Corruption and Bribery within FIFA: What’s Next for Soccer’s Governing Body

“They were expected to uphold the rules that keep soccer honest, and protect the integrity of the game. Instead, they corrupted the business of worldwide soccer to serve their interests and to enrich themselves.”

-Loretta Lynch, United States Department of Justice and Attorney General

In May 2015 the U.S. Justice Department indicted 14 FIFA officials and several executives in one vast sweep, charging the individuals with racketeering, wire fraud, and money-laundering conspiracy. In December 2015, 16 more officials were charged in Switzerland in a superseding indictment. The alleged bribes and kickbacks in both indictments total over $200 million. For years there had been rumors of widespread corruption within soccer’s international governing body, but these charges still surprised the world.

A persistent rumor of corruption within FIFA relates to the bidding process to host the FIFA World Cup. The 2010 World Cup was hosted by South Africa after a typically competitive bidding process. While South Africa denies giving out bribes to secure the bid, new records show that South Africa lost the vote to Morocco, bribed Jack Warner, a FIFA Executive Committee member, and then were awarded the bid. Overall, it appears that $10 million in bribes were used to secure South Africa’s position as host. Warner, one of the high profile individuals charged in the indictment, is alleged to have had his son fly to Paris to retrieve a suitcase full of money in $10,000 bundles from a South African official, and then return the suitcase to Warner.

Now, there is an ongoing FBI investigation into the bidding process for future World Cup hosts Russia (hosting in 2018) and Qatar (hosting in 2022). The bidding process for the future tournaments occurred in 2014, with England, Spain/Portugal and Holland/Belgium in the running for 2018, and the United States, South Korea, Japan, and Australia in the running for 2022. The nations spent millions of dollars in investments to stadiums and infrastructure, celebrity endorsements, and heavy advertising campaigns hoping to woo and secure votes from FIFA officials and voting members.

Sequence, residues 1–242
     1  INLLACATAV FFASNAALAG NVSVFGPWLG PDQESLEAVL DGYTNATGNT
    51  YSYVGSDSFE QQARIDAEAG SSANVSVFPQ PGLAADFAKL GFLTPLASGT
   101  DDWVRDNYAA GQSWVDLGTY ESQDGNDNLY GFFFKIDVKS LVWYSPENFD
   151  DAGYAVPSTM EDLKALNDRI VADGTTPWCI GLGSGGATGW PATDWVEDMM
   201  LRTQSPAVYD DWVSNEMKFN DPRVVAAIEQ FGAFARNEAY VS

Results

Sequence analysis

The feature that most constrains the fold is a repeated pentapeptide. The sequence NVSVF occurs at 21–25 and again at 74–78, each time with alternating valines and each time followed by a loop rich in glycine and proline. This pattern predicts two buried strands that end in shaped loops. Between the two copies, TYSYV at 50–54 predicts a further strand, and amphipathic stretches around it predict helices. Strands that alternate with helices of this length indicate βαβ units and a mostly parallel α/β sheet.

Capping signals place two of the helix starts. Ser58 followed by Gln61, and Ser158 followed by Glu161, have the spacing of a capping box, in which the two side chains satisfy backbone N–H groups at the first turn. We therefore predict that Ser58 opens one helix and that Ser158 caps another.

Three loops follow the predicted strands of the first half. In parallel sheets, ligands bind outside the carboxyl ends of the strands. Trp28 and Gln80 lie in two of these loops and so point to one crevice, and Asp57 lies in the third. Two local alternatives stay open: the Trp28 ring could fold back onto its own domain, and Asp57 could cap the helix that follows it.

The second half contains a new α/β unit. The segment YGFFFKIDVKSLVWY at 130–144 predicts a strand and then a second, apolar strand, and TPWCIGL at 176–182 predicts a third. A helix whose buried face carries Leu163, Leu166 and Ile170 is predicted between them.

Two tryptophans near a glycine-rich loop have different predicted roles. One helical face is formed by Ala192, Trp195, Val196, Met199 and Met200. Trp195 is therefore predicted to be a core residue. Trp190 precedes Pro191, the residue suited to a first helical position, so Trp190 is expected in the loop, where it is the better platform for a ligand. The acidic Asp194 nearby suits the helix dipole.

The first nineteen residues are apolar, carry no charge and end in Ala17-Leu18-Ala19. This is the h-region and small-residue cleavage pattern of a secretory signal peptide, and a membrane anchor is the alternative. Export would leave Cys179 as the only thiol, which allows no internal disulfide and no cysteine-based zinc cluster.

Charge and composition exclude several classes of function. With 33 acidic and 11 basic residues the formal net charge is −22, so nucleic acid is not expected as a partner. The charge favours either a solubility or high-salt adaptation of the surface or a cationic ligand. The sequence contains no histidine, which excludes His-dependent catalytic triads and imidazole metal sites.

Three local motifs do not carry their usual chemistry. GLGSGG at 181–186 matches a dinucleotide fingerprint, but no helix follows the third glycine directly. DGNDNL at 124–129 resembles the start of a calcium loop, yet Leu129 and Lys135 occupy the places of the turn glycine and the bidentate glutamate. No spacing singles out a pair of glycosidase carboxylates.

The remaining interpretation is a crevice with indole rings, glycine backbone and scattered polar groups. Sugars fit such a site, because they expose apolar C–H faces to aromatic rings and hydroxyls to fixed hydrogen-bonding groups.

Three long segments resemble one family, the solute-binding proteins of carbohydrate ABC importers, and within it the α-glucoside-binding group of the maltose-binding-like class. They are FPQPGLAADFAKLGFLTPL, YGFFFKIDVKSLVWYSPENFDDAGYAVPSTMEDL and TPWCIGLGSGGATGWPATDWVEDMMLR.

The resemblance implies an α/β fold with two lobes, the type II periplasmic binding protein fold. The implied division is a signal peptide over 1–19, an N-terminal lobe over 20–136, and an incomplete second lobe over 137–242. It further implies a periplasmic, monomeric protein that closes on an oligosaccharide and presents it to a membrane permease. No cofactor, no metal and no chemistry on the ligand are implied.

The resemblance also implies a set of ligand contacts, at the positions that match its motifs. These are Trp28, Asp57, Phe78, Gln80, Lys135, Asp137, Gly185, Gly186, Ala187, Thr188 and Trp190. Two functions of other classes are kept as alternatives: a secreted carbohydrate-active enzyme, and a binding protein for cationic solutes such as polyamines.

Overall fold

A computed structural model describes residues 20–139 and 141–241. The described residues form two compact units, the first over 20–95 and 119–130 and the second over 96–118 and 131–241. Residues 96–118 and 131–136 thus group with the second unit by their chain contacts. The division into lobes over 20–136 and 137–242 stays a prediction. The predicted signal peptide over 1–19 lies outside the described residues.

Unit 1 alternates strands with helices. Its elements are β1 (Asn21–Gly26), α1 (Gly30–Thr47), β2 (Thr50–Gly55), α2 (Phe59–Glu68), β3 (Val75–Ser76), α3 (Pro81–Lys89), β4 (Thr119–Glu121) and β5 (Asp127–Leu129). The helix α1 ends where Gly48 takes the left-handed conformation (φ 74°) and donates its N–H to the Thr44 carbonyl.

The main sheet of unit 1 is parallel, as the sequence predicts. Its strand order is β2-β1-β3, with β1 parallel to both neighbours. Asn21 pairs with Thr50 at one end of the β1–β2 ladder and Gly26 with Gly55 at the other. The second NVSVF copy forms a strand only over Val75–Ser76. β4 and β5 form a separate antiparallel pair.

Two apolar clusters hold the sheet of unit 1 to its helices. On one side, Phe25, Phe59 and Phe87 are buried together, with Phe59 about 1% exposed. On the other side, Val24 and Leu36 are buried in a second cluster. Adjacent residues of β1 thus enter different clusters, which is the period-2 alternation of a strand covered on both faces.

When Qatar was named as host of the 2022 FIFA World Cup, most observers were extremely surprised. The country is tiny, has a horrendous human rights record, soccer games are sparsely attended and temperatures during the World Cup could reach 120 degrees Fahrenheit. While the current indictment does not address the bidding processes for the 2018 and 2022 World Cups, the corrupt actions and bribery by FIFA officials in previous bidding processes show that it is very possible that similar actions were taken.

If there is evidence that Russia and Qatar used bribery to win their bids, it is likely that their hosting duties would be revoked. Each nation claims the bidding processes were free from any impropriety. As of yet, there is no evidence that there was any corruption, and the bids remain with Russia and Qatar.

In the aftermath of the DOJ indictments, FIFA President Sepp Blatter was suspended from office in December 2015, after holding the position for 17 years.

An election for the new President of FIFA is planned for February 26, 2016. There are currently six candidates for the position, most of whom have significant ties and relationships to members of the corrupt “old guard” that have been indicted by the U.S. Department of Justice. While the candidates have talked about reforming FIFA, the facts indicate that business will continue as usual. Oversight from independent, external sources seems to be the best hope for reform and transparency, rather than continuing to operate through shadowy intrigue that FIFA officials are most famous for.

Kayleigh Watson is a 3L and a Student Work Editor of the Journal of Law and International Affairs at the Penn State University Dickinson School of Law.


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